Ken Lewis


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Q: Address: A: PO. Box 17976 Durham, NC 27715

Q: How long have you lived in North Carolina? A: 45 years

Q: Family A: Wife Holly, three young children

Q: Education: A: undergraduate degree, Duke University; law degree, Harvard University

Q: Previous political experience: A: I have not run for office before. As a volunteer, I worked in the campaigns of Harvey Gantt and Barack Obama.

Q: Previous professional experience: A: I've spent more than two decades helping to create good jobs and strong communities in North Carolina. My specialty is business and community development law. I've spent my legal career helping start-up companies get off the ground, helping large companies grow, and helping local governments build the infrastructure they need to attract new businesses and new jobs. This year, in this brutal economy, I believe my proven track record of working for jobs and communities is exactly what North Carolina needs in the U. S. Senate.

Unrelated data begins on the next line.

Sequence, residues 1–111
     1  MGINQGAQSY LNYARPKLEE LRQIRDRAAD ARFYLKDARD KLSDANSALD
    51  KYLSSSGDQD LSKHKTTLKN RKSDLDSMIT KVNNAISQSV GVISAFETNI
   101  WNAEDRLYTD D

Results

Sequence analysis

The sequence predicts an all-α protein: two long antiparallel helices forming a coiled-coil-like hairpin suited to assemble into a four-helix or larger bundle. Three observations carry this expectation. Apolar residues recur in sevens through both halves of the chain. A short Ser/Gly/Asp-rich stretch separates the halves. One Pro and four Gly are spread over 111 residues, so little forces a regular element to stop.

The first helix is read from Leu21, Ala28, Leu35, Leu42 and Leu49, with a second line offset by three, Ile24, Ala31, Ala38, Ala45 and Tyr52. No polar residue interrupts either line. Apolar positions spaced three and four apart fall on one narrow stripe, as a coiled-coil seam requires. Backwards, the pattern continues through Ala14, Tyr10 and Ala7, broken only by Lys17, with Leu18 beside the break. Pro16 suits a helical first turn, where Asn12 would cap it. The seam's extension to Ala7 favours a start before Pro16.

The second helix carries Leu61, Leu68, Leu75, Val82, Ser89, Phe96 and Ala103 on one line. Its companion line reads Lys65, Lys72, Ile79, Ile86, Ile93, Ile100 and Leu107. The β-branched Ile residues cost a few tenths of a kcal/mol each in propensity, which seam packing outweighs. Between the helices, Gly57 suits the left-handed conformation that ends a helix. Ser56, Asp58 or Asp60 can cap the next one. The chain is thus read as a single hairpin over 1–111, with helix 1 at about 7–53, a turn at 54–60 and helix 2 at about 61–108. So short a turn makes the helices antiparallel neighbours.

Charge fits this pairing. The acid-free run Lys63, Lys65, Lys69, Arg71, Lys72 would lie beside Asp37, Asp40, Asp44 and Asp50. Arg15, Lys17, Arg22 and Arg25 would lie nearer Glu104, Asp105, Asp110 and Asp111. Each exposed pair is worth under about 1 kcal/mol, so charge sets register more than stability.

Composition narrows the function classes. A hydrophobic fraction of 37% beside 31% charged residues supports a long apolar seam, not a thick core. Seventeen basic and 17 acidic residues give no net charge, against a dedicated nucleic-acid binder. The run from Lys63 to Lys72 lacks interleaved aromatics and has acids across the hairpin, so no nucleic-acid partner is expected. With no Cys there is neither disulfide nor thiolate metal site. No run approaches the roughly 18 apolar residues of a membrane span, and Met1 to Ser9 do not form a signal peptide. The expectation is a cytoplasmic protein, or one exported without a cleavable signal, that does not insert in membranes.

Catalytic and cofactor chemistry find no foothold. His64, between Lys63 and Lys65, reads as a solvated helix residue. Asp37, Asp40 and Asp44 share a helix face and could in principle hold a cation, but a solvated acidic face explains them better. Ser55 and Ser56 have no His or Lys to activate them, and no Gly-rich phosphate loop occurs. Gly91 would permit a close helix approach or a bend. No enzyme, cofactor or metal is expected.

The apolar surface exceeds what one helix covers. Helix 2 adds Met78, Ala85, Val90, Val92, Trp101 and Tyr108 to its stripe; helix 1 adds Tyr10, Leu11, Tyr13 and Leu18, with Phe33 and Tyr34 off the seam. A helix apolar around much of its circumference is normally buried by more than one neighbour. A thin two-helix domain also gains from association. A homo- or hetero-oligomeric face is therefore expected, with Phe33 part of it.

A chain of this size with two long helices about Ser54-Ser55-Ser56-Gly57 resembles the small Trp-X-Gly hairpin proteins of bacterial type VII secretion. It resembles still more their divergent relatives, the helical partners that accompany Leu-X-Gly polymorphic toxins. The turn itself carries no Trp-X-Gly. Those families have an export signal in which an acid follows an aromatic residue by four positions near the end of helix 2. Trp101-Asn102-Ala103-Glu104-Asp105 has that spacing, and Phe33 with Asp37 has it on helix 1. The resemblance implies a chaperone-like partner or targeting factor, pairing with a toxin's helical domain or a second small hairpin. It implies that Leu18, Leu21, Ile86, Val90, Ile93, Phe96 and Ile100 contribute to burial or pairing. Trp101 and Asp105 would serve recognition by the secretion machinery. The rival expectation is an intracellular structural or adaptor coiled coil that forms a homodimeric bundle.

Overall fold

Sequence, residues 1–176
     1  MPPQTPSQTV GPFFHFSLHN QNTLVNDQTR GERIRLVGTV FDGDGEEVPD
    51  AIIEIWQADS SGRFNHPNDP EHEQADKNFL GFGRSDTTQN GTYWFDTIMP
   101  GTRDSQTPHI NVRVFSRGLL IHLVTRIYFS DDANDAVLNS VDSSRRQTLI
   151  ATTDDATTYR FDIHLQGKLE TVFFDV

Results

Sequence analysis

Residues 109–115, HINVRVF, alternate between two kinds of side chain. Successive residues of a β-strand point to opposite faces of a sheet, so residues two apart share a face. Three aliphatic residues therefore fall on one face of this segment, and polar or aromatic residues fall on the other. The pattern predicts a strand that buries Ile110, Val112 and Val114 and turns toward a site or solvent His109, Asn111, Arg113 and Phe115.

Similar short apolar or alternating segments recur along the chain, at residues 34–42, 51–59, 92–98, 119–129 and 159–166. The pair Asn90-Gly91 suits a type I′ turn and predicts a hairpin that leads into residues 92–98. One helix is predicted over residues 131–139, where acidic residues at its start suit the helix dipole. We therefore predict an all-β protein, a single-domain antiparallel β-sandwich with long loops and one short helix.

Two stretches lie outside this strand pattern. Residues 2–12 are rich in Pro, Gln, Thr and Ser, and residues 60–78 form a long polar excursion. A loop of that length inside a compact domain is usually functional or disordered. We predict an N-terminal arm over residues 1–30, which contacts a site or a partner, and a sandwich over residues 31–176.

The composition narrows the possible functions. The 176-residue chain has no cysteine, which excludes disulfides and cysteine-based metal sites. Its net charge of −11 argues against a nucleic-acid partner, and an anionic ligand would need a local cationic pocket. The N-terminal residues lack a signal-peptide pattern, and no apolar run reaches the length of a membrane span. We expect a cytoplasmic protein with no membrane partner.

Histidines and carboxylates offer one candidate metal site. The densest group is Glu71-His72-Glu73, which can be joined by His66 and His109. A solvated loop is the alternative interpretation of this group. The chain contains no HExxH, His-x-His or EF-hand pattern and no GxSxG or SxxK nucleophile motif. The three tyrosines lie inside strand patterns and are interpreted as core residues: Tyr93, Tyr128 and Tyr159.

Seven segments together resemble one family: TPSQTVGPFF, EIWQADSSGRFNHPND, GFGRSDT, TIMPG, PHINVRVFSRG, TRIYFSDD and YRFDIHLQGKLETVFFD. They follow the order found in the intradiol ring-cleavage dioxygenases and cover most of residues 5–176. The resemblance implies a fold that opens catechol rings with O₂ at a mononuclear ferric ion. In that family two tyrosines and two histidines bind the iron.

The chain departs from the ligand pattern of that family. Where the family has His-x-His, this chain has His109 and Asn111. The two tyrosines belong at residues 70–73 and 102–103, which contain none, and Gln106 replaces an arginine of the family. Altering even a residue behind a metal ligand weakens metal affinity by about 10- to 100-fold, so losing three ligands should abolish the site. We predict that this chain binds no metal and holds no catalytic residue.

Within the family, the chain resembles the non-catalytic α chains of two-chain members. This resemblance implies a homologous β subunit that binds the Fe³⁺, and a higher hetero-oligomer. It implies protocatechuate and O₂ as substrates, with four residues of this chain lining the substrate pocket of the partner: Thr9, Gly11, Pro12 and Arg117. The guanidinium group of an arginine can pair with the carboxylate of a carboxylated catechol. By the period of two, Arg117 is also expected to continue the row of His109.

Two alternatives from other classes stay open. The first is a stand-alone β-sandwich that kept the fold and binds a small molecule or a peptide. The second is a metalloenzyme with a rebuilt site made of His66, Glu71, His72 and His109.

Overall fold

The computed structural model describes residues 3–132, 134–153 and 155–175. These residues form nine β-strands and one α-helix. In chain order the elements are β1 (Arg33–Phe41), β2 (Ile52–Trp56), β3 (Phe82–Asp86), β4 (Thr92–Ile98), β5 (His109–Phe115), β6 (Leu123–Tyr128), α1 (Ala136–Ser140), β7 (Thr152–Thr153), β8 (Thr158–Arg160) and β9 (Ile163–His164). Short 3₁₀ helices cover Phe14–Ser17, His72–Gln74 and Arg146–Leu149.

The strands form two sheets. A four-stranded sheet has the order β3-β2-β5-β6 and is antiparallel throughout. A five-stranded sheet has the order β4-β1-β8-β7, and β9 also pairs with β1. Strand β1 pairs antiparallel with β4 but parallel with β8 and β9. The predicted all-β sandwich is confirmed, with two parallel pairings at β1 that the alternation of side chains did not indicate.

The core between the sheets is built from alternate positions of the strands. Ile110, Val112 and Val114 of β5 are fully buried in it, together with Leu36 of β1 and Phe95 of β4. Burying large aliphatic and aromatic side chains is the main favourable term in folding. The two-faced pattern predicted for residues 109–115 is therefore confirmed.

The essence of my work as a transactional lawyer (whether working on an acquisition or the financing of an affordable housing project) has been to help parties find their common interests and appreciate that they can accomplish more by working together-entering the transaction-than they could by working separately. The skills necessary to do this work are exactly the skills needed in shaping and leading in public discourse around difficult and potentially divisive policy issues and in galvanizing support among fellow Senators for legislation.

Q: Community, Political and Religious organizations in which you are involved: A: I had had a volunteer leadership position with a number of nonprofit organizations, including the Center for Community Self-Help, Action for Children, Planned Parenthood, Children First, and the NC Baptist Hospital. My family and I volunteer at the food ministry at our church, Asbury Temple United Methodist Church in Durham.